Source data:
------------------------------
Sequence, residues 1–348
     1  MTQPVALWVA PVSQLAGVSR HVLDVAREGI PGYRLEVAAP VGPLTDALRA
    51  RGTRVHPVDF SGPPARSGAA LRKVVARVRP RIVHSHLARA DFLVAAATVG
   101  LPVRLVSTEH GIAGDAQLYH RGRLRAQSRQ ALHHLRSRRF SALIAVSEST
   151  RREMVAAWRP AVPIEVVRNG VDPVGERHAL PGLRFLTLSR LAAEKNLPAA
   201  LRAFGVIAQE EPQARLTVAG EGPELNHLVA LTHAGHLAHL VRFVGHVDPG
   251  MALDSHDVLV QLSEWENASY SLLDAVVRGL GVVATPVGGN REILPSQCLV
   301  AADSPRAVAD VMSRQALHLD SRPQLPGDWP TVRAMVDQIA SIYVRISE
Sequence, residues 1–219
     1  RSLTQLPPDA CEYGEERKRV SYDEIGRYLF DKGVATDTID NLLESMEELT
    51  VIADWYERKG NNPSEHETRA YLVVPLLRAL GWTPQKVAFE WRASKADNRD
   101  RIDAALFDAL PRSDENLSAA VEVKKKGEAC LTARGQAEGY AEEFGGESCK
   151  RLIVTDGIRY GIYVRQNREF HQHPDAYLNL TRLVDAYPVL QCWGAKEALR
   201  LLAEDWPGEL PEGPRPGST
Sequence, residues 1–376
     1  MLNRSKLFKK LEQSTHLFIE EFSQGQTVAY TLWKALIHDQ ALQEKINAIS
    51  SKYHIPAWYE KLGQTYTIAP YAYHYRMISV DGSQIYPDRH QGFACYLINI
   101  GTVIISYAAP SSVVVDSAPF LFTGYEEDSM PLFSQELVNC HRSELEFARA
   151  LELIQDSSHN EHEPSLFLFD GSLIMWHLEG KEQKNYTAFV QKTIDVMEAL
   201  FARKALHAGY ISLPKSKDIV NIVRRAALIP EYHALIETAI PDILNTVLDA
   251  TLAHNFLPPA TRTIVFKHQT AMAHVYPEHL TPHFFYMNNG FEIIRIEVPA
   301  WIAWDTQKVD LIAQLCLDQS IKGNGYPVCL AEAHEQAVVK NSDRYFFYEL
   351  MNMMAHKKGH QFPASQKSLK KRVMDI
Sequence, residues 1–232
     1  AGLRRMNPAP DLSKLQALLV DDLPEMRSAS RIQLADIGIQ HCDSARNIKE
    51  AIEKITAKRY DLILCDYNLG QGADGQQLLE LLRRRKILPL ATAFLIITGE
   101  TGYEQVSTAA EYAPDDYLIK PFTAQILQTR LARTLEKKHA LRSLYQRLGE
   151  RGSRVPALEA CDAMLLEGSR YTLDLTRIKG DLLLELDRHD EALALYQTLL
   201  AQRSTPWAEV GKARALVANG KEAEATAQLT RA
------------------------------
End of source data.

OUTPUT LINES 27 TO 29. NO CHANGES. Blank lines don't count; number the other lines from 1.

   101  TGYEQVSTAA EYAPDDYLIK PFTAQILQTR LARTLEKKHA LRSLYQRLGE
   151  RGSRVPALEA CDAMLLEGSR YTLDLTRIKG DLLLELDRHD EALALYQTLL
   201  AQRSTPWAEV GKARALVANG KEAEATAQLT RA